Planting Bare Root Roses Tips

The planting season for bare-root roses has started in mid-October. In contrast to container or root-packed goods, these roses are less expensive, but still grow without problems if treated correctly.


Autumn to spring is planting time

Unlike container-grown roses, for example, bare-root roses can only be planted from autumn to early spring. Planting at the end of the gardening season is possible until about mid-December, depending on whether the soil is still “open”. It should therefore not yet be frozen through.

Particularly in autumn, the growing success is high: the soil is still warm from the summer and sufficient rainfall ensures that new roots form quickly. As their roots are not surrounded by a protective layer of soil, care must be taken that they do not dry out.


Pruning strengthens the plant

First cut the shoots back to a length of 20 cm. Remove weak and damaged wood completely. Also shorten the roots slightly, but spare the fine fibrous roots. Then place the rose in a water bath up to the grafting point for a few hours so that it can soak up the water.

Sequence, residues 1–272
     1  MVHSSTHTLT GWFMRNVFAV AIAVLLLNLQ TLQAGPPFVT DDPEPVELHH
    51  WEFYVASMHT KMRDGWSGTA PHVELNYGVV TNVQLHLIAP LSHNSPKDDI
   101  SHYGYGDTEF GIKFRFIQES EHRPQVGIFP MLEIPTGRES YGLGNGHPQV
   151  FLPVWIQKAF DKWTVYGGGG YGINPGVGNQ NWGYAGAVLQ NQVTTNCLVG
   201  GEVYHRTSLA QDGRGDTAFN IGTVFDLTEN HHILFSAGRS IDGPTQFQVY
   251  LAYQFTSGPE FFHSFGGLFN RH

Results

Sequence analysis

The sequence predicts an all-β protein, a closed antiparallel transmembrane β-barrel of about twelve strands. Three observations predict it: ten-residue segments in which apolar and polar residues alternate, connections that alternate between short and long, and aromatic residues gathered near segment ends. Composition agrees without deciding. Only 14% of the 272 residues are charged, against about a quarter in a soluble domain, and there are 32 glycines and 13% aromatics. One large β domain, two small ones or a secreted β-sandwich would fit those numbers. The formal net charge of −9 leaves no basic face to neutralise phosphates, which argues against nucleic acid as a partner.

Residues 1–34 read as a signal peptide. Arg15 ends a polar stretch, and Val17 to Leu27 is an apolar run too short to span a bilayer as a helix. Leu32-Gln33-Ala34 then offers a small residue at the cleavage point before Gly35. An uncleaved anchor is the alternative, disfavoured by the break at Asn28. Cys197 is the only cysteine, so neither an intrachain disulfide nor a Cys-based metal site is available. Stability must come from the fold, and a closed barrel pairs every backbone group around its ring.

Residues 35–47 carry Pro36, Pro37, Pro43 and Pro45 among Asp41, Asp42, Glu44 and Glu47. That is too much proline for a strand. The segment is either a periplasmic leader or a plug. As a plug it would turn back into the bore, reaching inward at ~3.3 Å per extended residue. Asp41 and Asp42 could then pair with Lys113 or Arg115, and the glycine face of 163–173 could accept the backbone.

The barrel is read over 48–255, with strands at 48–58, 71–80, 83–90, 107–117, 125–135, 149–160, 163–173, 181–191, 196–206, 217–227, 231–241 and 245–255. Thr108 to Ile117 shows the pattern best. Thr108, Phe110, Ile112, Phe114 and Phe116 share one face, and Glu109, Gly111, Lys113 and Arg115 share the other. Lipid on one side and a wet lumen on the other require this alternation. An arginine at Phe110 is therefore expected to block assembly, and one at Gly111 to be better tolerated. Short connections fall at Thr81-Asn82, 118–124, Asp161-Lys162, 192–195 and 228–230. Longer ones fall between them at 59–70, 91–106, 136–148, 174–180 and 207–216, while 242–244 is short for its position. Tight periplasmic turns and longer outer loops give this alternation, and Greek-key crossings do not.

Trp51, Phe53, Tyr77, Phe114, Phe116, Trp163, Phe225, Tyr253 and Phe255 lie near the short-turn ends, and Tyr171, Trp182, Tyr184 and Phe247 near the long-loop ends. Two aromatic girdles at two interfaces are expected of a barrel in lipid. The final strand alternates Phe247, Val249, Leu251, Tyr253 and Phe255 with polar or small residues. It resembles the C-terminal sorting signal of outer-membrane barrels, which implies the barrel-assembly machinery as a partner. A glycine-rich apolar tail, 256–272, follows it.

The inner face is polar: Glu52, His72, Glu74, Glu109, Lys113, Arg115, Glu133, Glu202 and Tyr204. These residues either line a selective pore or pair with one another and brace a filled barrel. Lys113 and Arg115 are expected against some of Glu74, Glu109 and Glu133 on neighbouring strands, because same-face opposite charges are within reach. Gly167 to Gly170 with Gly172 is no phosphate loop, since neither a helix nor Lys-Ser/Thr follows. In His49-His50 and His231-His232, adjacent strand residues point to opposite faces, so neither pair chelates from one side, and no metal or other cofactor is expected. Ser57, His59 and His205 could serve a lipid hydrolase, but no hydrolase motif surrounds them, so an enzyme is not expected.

Pay attention to the grafting point

Dig a hole about 40 cm deep and wide enough for the rose to fit comfortably without bending the roots. Important: The grafting point should be 5 cm below soil level. Fill in the excavated soil, which may have been improved with bentonite, ripened compost or rose soil (but no fertiliser!), press down and form a watering rim. Water thoroughly. A 15-20 cm mounding protects the freshly planted rose from frost and excessive evaporation.

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